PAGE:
According to the Times data tracker, Rhode Island has the nation’s highest number of reported COVID cases per capita, an increase of 46% over two weeks ago. “It’s back,” Dr. Michael Fine, chief health strategist for Central Falls, wrote on his website this week. “Our testing numbers are up, hospitalizations have doubled, some test sites in Central Falls are running 25 percent positive, and some schools in Central Falls have lost so many staff to illness that they are talking about whether they need to close for five to 10 days.” He warned that large gatherings like graduations and proms could become “super-spreader events.”
Connecticut has the nation’s second-highest number of cases per 100,000 residents, a rise of 158% in the last four weeks. The state’s positivity rate ranged near 14% this week, according to NBC Connecticut. “There’s enormous political pressure to say the pandemic is over,” Gregg Gonsalves, associate professor of epidemiology at Yale, told the Hartford Courant this week. “But the idea that we’re out of the woods is just not true. We’re in the midst of a slowly building surge. There’s a political imperative to put the pandemic behind us. Everybody’s really tired. Everybody’s really frustrated. Nobody wants to talk about this anymore. Nobody wants to think about it anymore. But wishing doesn’t make it so.”
The state is currently reporting the country’s third-highest number of new COVID cases per 100,000 residents. “We know that that is a gross undercount, how much of an undercount? Well, we might have five, six, seven times that many cases, new cases every day right now across the state,” the state’s health department spokesperson told KHON this week. “That would be an extra 4,500 to 6,500 new cases every day.” However, they noted hospitalization rates aren’t increasing as much as during the Omicron surge, thanks to vaccines and treatments.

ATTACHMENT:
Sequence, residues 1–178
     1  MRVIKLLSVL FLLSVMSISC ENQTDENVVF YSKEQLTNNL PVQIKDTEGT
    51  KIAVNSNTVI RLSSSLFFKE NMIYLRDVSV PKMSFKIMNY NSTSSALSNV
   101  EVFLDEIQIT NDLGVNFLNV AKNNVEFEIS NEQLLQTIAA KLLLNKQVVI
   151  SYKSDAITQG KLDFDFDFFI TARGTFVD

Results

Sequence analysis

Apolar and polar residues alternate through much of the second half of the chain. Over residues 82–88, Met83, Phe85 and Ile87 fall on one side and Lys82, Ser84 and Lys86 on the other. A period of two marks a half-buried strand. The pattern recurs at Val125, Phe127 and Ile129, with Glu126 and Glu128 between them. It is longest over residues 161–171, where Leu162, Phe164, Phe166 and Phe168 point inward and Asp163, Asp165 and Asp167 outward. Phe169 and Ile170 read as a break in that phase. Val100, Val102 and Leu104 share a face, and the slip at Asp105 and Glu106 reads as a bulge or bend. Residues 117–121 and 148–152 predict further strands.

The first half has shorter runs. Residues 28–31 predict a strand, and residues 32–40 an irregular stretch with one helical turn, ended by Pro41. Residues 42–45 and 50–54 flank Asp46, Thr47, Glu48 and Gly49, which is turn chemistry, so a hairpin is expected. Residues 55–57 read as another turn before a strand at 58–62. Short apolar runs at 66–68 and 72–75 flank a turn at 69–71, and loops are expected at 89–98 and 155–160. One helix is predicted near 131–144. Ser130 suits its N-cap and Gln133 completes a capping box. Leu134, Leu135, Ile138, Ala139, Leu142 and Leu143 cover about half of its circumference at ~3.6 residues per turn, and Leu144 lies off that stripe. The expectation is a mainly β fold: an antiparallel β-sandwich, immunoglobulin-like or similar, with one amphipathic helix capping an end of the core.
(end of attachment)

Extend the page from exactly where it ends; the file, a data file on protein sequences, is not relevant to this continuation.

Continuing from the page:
According to the Times tracker, the state has reported the nation’s fourth-highest number of cases per capita. On Wednesday, the Boston Globe reported that a group of public health leaders, doctors, and community organizers asked the governor to reinstitute mask mandates in public schools and on public transportation.
Nearly every county in New Jersey is reporting high levels of COVID transmission, although the number of severe cases are relatively low, NorthJersey.com reported on Wednesday. “We’re just at the beginning of this surge, and the metrics are trending in the wrong direction,” said Stephanie Silvera, an infectious disease specialist at Montclair State University. “While we may not be seeing a rise in severe outcomes, we still need to be mindful of reinfections, of long COVID — things that may well have a lasting effect.” According to Times data, the state has the country’s fifth-largest number of cases per 100,000 residents.
Follow the fundamentals and help end this pandemic, no matter where you live—get vaccinated ASAP; if you live in an area with low vaccination rates, wear an N95 face mask, don’t travel, social distance, avoid large crowds, don’t go indoors with people you’re not sheltering with (especially in bars), practice good hand hygiene, and to protect your life and the lives of others, don’t visit any of these 35 Places You’re Most Likely to Catch COVID.